Leftist talk cannot deter Venezuela's big spenders

Por Venezuela Real - 9 de Diciembre, 2006, 9:44, Categoría: Dimensión Social

Christian Oliver
Caribbeannetnews.com
December 09, 2006

CARACAS, Venezuela (Reuters): Sleek Maseratis grace car showrooms, maids take pampered poodles for walks past high-walled mansions and women decked out in Prada nibble on delicate pastries at street-side cafes.

Opulent east Caracas, flush with oil cash, shows scant sign of the anti-capitalist campaign President Hugo Chavez is vowing to intensify after winning a landslide re-election this week in the polarized OPEC nation.

"In some countries instability makes people save their money, here people are accustomed to political crisis and their only obsession is to spend," said Vicente Amengual, manager of a Mercedes-Benz dealership.

"Car sales are at record levels. It is madness. There is so much money around," he added.

Despite Chavez's dependence on oil exports to the United States, he condemns capitalism and the influence of US culture which he accuses of spurring profligate spending that defies his self-styled revolution.

But undeterred Venezuelans still brave soaring street crime to flaunt their Rolex watches.

In September, car sales rose a scorching 90 percent on the year. Diageo reported a 55 percent increase in Scotch sales last year, with 18-year-old whiskey at $60 a bottle leading Venezuela's alcohol surge.

Amengual sells 20 cars a month, with top models fetching $200,000.

Chavez calls the buyers "the squalid ones" or "oligarchs."

The labels resonate with his legions of poor supporters in a country where one out of every four Venezuelans lives on $2 a day, many in sprawling slums that stare down onto the richer classes' villas and swimming pools.

Amengual said making enough money to buy a Mercedes was not necessarily a matter of knowing the right people, citing clients who struck it rich on real estate.

"You do not need to be close to power," he said.

Still, another car seller and a jeweler, who both spoke on condition of anonymity, said some of their most valued clients were government officials who pay in cash.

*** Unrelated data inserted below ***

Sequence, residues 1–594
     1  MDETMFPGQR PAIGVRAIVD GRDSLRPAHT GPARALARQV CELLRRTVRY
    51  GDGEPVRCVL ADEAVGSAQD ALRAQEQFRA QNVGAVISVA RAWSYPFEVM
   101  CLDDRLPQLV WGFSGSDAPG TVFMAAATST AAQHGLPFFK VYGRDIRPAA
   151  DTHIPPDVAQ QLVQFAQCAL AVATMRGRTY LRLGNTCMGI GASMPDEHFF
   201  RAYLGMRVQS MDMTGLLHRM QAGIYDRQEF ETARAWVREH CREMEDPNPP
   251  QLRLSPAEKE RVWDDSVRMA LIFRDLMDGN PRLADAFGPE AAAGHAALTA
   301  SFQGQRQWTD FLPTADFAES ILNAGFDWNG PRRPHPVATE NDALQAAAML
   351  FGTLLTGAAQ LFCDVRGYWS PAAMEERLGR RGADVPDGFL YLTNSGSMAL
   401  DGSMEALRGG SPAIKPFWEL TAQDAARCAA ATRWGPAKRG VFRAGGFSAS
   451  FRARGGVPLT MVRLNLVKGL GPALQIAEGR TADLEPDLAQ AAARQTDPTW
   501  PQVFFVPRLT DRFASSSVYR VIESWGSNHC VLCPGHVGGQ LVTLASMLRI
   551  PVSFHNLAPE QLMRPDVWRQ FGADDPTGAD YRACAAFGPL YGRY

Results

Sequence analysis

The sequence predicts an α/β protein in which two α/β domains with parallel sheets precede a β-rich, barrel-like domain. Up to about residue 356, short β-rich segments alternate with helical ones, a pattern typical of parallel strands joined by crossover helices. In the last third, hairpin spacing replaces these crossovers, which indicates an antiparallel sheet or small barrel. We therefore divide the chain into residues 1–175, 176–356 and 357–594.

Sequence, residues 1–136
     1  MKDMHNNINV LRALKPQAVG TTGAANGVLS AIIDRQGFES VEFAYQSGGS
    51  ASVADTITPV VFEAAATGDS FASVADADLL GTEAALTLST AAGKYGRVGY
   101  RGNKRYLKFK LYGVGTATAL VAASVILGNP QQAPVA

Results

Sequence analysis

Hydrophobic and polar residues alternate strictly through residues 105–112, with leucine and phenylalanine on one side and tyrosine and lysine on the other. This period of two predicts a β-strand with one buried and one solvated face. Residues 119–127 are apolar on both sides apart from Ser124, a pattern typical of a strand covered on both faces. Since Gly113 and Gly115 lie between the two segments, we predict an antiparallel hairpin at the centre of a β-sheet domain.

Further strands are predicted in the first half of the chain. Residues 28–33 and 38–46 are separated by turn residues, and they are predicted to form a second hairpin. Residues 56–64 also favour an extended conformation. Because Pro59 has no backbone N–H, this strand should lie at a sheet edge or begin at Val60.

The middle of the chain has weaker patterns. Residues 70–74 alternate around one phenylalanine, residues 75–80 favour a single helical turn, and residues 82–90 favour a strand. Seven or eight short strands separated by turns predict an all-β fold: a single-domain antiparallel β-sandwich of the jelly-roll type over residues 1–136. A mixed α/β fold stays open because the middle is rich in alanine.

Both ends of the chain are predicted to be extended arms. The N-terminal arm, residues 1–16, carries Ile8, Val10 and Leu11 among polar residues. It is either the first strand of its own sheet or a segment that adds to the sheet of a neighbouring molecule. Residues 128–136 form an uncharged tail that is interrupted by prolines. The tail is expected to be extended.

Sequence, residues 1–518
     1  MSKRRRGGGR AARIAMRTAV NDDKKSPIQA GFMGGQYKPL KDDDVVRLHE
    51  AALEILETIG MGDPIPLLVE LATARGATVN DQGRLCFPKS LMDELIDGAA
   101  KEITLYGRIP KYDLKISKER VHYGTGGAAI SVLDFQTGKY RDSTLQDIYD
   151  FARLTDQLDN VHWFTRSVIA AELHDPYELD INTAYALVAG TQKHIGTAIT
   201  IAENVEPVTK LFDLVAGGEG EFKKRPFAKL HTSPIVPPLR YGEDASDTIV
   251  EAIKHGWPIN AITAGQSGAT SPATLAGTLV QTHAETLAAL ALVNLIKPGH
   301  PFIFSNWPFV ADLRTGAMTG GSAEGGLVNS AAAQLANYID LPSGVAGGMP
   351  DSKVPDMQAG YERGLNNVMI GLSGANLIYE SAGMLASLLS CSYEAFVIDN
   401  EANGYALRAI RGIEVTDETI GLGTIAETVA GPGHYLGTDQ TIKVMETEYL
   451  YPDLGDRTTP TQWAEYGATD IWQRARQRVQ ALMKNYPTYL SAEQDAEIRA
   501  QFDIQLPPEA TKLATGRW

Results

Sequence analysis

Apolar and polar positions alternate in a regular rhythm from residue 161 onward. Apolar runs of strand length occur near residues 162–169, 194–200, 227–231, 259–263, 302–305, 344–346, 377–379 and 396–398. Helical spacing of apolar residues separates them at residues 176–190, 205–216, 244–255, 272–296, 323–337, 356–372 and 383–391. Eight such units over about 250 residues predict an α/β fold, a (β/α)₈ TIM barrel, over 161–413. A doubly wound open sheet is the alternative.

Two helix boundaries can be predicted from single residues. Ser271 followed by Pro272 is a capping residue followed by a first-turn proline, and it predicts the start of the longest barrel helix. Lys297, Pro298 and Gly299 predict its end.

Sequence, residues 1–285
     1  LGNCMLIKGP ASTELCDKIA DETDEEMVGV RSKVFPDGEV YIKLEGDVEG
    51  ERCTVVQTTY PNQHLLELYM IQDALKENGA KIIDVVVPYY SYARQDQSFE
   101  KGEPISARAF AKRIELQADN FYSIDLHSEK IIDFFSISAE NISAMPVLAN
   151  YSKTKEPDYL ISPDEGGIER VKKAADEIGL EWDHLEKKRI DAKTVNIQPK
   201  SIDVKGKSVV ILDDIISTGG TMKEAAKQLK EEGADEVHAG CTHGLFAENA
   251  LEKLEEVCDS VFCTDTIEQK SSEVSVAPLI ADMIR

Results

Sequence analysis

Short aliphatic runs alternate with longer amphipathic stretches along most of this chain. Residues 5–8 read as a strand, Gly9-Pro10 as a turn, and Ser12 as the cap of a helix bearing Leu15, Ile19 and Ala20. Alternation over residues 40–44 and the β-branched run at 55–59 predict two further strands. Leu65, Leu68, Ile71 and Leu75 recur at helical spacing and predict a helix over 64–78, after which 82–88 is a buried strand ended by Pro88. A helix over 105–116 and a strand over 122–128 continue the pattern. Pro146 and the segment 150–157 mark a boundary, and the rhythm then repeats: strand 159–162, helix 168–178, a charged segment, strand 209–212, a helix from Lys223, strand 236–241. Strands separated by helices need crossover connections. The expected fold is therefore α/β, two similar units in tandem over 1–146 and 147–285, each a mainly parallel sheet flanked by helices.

Venezuela's consumer-oriented economy may be surging on the back of massive oil income, but many people worry that Chavez is not investing in enough infrastructure, with trouble ahead.

PLAYING CHAVEZ'S GAME

Chavez has confiscated land from giant ranchers such as Britain's Vestey and stripped oil majors of their control of production projects.

But many firms still make money with ease, escaping Chavez's ire which is mainly leveled at the big names such as Exxon Mobil, the world's largest company.

Some of the rich have even realised they can keep Chavez on their side. Alberto Vollmer, owner of rum-maker Santa Teresa, is the archetype of a businessman who quickly adapted to Chavez's new order.

When his estates were threatened with occupation by families from nearby shantytowns in 2000, Vollmer opened his land up for housing programmes and offered kids from violent gangs schooling and a place to play rugby.

He lost some land but still runs his business. Still, other members of the elite have labeled him a class traitor.

On Wednesday, the government slapped 15 to 35 percent surcharges on luxury imports from jewelry to champagne, both increasing revenues and trying to deter rampant consumerism.

But in the American-style malls of Caracas, shoppers mill past the Christmas trees and enormous plastic elves, filling their shopping bags to the soundtrack of canned carols.

"A few years back spending was not so imbalanced, now we have those who spend excessively and those who spend to survive, for a square meal," said art dealer Valentina Hernandez, 29.








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